I just finished an amazing trip to an hacienda in San Jose de las Minas. It isn't something I am going to write about, I don't think, because it is better expressed in photos. Check them on facebook.
Tonight, I am home unexpectedly completely by myself. My host family up and left for another province a day early without even a note, but they left a tiny bit of info for the neighbor. It was approximately an hour into having the house to myself when I realized I don't know how to do anything here.
Being in a new country is really humbling because you are like a child, relearning everything. I realized quickly that I don't know how to make myself dinner here or if that is even okay, that I don't really know how to leave my house and I can't anyways because I would be alone and girls alone in taxis is never allowed and alone after dark is even worse.
This made me feel trapped and stupid. I know my street and how to get back to my house, but I don't even have my address memorized.
However, it also gives me the opportunity to reflect on the things I do know how to do here, and to celebrate a little. When everything is hard and new, learning something small becomes a big victory, which is awesome.
For example, the first day or so that I was here, I would get stuck in the bathroom. The door sticks and you have to turn the handle a specific way to make it not do that. I could only do this sometimes. Usually, I would be audibly jiggling the door handle, stuck inside, but sure that if I just tried one more time I could get out. My host mom's room, however, is right across the hall, and she would always hear me and come rescue me. This was awkward, of course, because I don't like to bother people and because I go to the bathroom a lot. So I asked her to teach me how to get in and out of the door. She showed me the very specific way to turn the handle, and now I do it almost every time. It is a little victory every single one.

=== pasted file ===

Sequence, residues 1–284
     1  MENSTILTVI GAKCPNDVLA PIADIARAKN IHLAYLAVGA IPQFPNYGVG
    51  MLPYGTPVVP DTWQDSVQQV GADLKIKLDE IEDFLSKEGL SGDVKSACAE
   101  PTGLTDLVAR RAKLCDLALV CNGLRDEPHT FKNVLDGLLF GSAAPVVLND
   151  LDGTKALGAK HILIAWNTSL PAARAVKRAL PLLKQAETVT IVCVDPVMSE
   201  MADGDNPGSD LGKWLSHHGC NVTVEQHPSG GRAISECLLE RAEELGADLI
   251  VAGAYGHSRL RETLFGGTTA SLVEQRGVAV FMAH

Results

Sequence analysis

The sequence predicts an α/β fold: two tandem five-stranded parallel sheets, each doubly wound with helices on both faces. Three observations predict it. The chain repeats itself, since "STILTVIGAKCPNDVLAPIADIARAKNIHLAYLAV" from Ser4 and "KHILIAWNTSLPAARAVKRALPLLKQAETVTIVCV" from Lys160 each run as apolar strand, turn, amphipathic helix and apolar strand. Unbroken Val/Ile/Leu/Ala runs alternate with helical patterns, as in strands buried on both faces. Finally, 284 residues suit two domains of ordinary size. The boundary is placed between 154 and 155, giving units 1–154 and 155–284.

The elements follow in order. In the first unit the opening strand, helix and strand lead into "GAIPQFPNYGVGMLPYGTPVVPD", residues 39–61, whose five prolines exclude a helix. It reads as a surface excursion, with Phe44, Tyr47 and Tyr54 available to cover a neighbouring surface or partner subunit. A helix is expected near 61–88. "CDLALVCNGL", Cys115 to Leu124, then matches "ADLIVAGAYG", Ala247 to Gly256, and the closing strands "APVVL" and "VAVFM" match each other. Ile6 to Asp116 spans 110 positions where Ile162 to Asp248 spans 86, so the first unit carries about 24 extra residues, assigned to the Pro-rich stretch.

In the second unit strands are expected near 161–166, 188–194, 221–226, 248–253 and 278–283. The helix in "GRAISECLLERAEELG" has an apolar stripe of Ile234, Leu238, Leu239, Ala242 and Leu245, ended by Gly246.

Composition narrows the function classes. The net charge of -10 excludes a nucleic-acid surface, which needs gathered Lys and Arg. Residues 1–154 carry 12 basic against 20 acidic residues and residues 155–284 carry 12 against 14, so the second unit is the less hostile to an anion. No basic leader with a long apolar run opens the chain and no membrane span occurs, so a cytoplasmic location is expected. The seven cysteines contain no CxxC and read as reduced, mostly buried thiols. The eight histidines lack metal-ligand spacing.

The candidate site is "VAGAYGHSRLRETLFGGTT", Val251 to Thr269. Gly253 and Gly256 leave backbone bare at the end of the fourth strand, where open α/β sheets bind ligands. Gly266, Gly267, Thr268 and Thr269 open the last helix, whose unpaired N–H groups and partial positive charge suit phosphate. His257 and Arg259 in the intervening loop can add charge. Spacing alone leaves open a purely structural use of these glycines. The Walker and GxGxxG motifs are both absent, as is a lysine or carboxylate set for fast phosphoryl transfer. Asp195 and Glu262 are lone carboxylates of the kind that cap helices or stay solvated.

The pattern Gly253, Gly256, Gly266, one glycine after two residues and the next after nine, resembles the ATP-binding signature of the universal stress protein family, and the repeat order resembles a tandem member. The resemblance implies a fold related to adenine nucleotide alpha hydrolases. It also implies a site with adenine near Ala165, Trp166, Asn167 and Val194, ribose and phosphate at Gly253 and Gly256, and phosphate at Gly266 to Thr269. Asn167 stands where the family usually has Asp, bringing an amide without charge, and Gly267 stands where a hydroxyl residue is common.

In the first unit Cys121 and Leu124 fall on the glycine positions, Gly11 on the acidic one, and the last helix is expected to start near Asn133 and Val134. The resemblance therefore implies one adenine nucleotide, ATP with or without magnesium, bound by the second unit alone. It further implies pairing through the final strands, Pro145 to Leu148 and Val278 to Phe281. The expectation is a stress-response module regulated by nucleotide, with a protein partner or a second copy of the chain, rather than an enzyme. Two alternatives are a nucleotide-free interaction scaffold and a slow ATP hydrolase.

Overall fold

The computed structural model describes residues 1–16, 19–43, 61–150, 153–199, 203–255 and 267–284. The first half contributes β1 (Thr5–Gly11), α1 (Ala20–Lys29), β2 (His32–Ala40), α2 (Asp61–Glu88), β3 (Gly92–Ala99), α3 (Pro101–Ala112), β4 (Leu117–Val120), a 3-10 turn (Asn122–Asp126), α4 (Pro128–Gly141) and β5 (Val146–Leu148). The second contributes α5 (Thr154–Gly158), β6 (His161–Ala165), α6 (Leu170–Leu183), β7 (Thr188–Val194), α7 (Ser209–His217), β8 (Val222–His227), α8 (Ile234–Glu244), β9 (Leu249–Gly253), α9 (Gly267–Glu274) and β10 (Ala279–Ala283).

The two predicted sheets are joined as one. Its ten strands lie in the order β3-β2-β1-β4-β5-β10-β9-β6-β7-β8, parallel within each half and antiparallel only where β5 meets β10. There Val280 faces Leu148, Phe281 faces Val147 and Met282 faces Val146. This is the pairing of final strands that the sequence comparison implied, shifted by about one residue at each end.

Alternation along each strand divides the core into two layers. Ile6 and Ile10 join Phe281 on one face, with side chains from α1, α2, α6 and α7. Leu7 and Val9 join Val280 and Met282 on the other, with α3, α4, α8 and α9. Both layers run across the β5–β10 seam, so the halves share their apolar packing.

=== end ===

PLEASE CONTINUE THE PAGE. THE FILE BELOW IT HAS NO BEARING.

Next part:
So in celebration of this, here are the things I know how to do in Ecuador (the correct way, as defined by locals):
1) Find my way home
2) Wash the dishes
3) Take a hot shower
4) Get in and out of the bathroom
5) Go shopping for fruit
6) Eat all of the food on my plate (most of the time)
7) Ask lots of questions.
I'm sure there are more things, but hey, I have only been here since Monday.
I'm exhausted. I've been speaking, reading, reflecting, having so so so much fun, getting my mind blown by gorgeous views and contrasting ways of life and the information that the academic staff gives us (you would be amazed how a tiny question can turn into an incredibly interesting, informative lecture), so although I have much to do, like reading and planning for my time here, I think I'm going to take advantage of my wifi luxury and watch U.S. TV and call it a night early. There is much more learning to be done tomorrow- I think we are going to church. You know, if my family ever comes back from Ibarra.